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"That one of us is going to end up killing the other," said Harry. "Yes."
"No ..." he groaned, as Harry lowered the goblet back into the basin and refilled it for him. "I don't want to. ... I don't want to. . . . Let me go. . . ."
Dumbledore beckoned Harry to the very edge of the rock where a series of jagged niches made footholds leading down to boulders that lay half-submerged in water and closer to the cliff. It was a treacherous descent and Dumbledore, hampered slightly by his withered hand, moved slowly. The lower rocks were slippery with seawater. Harry could feel flecks of cold salt spray hitting his face. "Lumos," said Dumbledore, as he reached the boulder closest to the cliff face. A thousand flecks of golden light sparkled upon the dark surface of the water a few feet below where he crouched; the black wall of rock beside him was illuminated too. "You see?" said Dumbledore quietly, holding his wand a little higher. Harry saw a fissure in the cliff into which dark water was swirling. "You will not object to getting a little wet?"
"Project for Defense Against the Dark Arts, is it?"
"But my dear chap, do you know how much that's worth?"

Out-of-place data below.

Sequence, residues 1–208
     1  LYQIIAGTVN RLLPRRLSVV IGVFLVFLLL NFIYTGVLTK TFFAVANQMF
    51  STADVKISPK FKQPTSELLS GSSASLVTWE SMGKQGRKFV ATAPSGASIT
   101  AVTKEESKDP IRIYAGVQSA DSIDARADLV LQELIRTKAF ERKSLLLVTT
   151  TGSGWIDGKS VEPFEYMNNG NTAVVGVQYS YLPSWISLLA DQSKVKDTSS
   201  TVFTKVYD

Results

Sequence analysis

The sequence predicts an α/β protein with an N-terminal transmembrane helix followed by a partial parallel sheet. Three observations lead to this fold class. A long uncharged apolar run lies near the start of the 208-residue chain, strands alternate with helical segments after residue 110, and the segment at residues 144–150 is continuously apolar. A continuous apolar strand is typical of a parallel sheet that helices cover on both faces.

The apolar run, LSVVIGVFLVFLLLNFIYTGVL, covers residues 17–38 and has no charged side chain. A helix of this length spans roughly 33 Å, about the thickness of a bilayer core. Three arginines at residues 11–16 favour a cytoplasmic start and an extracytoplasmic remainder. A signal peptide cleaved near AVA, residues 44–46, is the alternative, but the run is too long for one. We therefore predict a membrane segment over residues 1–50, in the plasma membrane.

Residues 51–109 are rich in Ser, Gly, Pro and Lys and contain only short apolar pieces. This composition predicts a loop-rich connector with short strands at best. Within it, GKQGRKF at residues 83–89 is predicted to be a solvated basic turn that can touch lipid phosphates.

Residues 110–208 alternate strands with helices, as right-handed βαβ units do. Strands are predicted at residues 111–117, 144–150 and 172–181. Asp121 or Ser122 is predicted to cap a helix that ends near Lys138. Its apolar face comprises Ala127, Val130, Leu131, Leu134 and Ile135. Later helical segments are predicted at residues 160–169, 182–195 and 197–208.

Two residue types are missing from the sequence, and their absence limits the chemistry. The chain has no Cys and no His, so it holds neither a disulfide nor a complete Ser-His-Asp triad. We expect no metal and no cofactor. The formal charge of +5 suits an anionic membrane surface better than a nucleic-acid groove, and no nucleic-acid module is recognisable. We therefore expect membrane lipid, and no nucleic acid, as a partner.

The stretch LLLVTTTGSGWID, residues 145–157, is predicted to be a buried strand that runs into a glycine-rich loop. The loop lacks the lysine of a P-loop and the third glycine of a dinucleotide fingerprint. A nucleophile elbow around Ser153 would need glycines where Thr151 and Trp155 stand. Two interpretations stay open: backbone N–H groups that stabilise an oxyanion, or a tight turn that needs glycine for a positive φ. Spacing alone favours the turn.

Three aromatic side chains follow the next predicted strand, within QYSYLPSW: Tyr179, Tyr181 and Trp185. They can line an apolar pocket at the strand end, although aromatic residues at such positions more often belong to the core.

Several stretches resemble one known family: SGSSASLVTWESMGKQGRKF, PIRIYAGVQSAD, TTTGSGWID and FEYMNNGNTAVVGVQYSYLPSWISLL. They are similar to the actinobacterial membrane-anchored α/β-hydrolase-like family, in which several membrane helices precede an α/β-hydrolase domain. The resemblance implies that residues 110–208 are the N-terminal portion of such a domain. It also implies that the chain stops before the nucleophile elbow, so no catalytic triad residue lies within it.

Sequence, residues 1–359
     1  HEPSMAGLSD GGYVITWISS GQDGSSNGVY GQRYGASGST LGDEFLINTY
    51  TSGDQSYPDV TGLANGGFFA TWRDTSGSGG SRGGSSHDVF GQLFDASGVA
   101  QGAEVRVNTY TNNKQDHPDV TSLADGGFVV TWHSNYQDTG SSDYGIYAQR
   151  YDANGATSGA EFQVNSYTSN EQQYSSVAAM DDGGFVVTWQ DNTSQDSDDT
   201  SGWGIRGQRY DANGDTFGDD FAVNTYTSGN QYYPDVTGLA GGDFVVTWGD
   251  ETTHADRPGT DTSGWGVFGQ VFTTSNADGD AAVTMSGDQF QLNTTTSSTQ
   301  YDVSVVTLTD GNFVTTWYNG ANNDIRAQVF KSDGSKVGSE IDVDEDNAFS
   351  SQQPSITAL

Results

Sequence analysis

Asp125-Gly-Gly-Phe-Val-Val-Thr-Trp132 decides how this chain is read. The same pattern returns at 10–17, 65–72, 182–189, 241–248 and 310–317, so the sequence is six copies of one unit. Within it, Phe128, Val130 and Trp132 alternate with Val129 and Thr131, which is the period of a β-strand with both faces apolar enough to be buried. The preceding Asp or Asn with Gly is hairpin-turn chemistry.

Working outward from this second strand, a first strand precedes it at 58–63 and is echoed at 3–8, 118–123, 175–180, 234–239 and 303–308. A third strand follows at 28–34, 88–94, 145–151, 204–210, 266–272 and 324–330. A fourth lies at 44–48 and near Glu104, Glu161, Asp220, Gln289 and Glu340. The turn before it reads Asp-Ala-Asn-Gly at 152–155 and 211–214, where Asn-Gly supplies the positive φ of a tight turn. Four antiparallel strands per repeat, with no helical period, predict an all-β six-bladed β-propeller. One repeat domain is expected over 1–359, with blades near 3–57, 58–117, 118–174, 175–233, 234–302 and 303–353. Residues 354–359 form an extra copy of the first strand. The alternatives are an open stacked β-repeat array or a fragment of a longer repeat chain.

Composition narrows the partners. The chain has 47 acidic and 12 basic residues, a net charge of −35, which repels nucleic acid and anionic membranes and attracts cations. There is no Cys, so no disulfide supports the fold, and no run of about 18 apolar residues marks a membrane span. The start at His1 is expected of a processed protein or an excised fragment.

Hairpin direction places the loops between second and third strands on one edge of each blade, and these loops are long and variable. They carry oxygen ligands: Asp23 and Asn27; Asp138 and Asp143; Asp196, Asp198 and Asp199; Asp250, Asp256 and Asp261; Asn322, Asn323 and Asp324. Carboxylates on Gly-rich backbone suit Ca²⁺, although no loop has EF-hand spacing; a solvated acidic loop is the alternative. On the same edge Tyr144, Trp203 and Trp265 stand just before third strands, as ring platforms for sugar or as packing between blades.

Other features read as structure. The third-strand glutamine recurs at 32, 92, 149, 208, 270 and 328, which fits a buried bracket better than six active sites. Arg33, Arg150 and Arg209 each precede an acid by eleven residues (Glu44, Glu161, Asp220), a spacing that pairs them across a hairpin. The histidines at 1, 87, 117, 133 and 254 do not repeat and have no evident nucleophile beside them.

'No, Harry can do it.'
Harry stared at her.
"Not while they are merely drifting peacefully below us," said Dumbledore. "There is nothing to be feared from a body, Harry, any more than there is anything to be feared from the darkness. Lord Voldemort, who of course secretly fears both, disagrees. But once again he reveals his own lack of wisdom. It is the unknown we fear when we look upon death and darkness, nothing more." Harry said nothing; he did not want to argue, but he found the idea that there were bodies floating around them and beneath them horrible and, what was more, he did not believe that they were not dangerous.
Chapter 25: The Seer Overheard
"I don't understand, sir," said Harry.
"Sorry," said Slughorn with a hiccup. "Can't carry a tune to save my life."
He must have got a lot of good quality venom from Aragog, Harry thought, for Slughorn wore a satisfied smirk as he stepped up to the rim of the pit and said, in a slow, impressive voice, "Farewell, Aragog, king of arachnids, whose long and faithful friendship those who knew you won't forget! Though your body will decay, your spirit lingers on in the quiet, web-spun places of your forest home. May your many-eyed descendants ever flourish and your human friends find solace for the loss they have sustained."
"I —all right, but—"
"But the six Horcruxes, then," said Harry, a little desperately, "how are we supposed to find them?"
"I don't know that politics would suit me, sir," he said when the laughter had died away. "I don't have the right kind of background, for one thing."
"Nearly there," said Dumbledore cheerfully. Sure enough, the greenish light seemed to be growing larger at last, and within minutes, the boat had come to a halt, bumping gently into something that Harry could not see at first, but when he raised his illuminated wand he saw that they had reached a small island of smooth rock in the center of the lake. "Careful not to touch the water," said Dumbledore again as Harry climbed out of the boat.。